China tops new donor list as poorer countries enter 'age of choice' in development finance

By Lean Alfred Santos 27 April 2016

In a rapidly growing donor environment, China has become the biggest nontraditional donor at the country level to some of the world's poorest countries over the last few years, according to a report released by the Overseas Development Institute. Photo by: SW1994

China is now the biggest nontraditional donor at the country level to some of the world’s poorest states, according to a recent report by the Overseas Development Institute that studied nine countries of low and middle income.

The East Asian nation accounted for more than half of the nontraditional financing, or what the report dubs “beyond ODA flows,” in countries including Laos, Ethiopia and Zambia. China also accounted for 70 percent of BOF — which includes grants and concessional loans, other official flows from bilateral and multilateral donors, and sovereign bonds, among others — in Cambodia and Ghana.

“We found that China accounted for an overwhelming share of new development finance load at the country level.” Romilly Greenhill, team leader for development finance at ODI, told Devex.  “The landscape is indeed changing quite dramatically.”

This growth in new development finance spearheaded by China has opened up a series of new monetary options for developing countries to finance their development strategies — especially following the adoption of the Sustainable Development Goals in September 2015. From 2003 to 2012 alone, global external development finance levels have more than doubled, from $122 billion to $269 billion. BOFs accounted for around 45 percent ($120 billion) of this, according to the report.

The report authors dubbed this new environment the “age of choice” for development finance for developing countries. “The new development landscape is actually changing the negotiating power of developing countries,” Greenhill said. “[They] are now in a stronger position when it comes to engaging some of the traditional as well as the newer aid donors.”

Chinese flows

China has emerged as a major donor over the last decade. In Africa, China’s ODA-like aid has grown almost four times, from $628 million in 2002 to $3.1 billion in 2012, according to ODI. Other official flows from China to Africa grew by more than 700 percent, from $349 million in 2003 to $2.9 billion in 2012.

Greenhill said China’s rise as a donor traces to the country’s “strong interest in building economic and also political links with a large number of countries.”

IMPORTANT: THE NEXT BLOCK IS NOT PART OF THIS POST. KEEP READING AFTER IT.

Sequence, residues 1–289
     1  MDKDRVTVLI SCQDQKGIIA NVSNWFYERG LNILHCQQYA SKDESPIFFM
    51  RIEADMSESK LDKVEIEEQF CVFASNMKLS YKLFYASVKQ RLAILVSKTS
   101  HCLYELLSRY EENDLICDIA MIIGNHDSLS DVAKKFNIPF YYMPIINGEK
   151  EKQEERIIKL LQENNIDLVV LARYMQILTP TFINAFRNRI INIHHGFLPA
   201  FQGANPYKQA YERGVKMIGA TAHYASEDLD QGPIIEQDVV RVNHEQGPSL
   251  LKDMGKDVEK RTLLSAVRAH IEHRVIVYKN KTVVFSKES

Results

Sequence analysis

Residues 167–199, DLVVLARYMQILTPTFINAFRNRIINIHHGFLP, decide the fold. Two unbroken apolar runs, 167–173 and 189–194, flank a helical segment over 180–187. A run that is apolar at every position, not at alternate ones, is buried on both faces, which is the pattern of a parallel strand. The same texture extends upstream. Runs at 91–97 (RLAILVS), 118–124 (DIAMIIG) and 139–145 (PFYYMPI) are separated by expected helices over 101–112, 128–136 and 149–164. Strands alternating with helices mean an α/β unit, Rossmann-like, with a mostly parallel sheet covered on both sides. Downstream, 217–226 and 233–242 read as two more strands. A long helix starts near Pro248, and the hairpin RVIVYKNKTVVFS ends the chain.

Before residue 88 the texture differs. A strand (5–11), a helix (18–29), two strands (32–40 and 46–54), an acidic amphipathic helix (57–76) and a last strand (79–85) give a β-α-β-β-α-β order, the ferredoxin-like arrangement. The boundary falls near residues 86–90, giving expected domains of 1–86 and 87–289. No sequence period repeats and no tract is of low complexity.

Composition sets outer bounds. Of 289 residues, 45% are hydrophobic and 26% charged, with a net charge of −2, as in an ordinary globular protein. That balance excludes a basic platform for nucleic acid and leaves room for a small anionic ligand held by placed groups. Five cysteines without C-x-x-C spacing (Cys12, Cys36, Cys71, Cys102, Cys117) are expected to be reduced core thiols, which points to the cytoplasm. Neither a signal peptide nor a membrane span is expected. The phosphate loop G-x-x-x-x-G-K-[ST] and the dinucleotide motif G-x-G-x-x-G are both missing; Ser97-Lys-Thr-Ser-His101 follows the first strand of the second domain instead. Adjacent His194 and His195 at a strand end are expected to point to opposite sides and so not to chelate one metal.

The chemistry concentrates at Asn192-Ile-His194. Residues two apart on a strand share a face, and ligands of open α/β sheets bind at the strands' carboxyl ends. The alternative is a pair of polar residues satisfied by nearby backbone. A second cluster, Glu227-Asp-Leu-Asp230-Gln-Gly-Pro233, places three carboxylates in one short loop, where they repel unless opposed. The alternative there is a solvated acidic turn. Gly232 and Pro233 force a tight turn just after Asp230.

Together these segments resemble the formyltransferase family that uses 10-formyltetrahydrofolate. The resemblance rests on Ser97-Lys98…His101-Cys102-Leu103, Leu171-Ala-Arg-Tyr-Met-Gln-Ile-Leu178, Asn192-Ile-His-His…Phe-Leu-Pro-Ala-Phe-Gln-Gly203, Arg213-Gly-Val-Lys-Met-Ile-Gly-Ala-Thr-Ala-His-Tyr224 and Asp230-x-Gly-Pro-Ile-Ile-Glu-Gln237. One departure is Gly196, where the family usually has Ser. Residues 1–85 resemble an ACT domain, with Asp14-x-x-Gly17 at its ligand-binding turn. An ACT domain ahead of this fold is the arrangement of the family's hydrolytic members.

“What we found very interesting about China is that context seems to heavily determine the amount of support that you get from China … political relationships with China becomes very important,” she said, citing the example of Vietnam, which has had a difficult historical relationship with the East Asian nation. The Southeast Asian country got the lowest inflow of  development finance from China among the countries in the study. Senegal offers another case study, as the country didn’t recognize the One-China Policy until 2005.

Developing countries’ demands have also changed, Greenhill said. “[Countries] wanted sources of finance that are aligned with their strategies, but they also wanted finance that was fast and they wanted providers of finance to act quickly and to get the money quickly. China scored very well on those metrics.”

But that speed raises some red flags in the development community. China tends not to adhere to the same aid protocols and procedures used by traditional donors, and the quality of assistance may be lower as a result. Greenhill said the ODI survey, which she co-authored, observed that “traditional aid effectiveness processes … are really reducing.”

“There’s not much interest in those processes so I think there’s a real danger that the dialogue about aid effectiveness is no longer so current, and there really needs to be a kind of rejuvenation of that dialogue at the country level,” she said.

Capitalizing on the new ‘age of choice’

Clarity by both donors and recipient countries will be key in the “age of choice,” Greenhill said. The report argues that it is important for developing countries to know what they want and understand where their priorities lie. Some countries in the survey didn’t have a full understanding of their development finance flows, including where they were coming from and where they go.

“[There is a need for] much better understanding by countries of what they are receiving but also more transparency on the part of providers in terms of what they’re providing,” she said.

The report urges developing countries to take advantage of the age of choice with better data monitoring. They could also improve negotiating tactics in order to leverage the opportunity of having more options among donors, the report said.

Donors also need to adapt, the report argues. ODI suggests five pointers: remember that ODA still matters; support countries’ own strategies and policies and do it quickly; respond to developing country priorities; understand smaller flows of philanthropic finance; and remember to consider debt management.

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About the author

Lean 2
Lean Alfred Santos@DevexLeanAS

Lean Alfred Santos is a Devex development reporter focusing on the development community in Asia-Pacific, including major players such as the Asian Development Bank and the Asian Infrastructure Investment Bank. Prior to joining Devex, he covered Philippine and international business and economic news, sports and politics. Lean is based in Manila.


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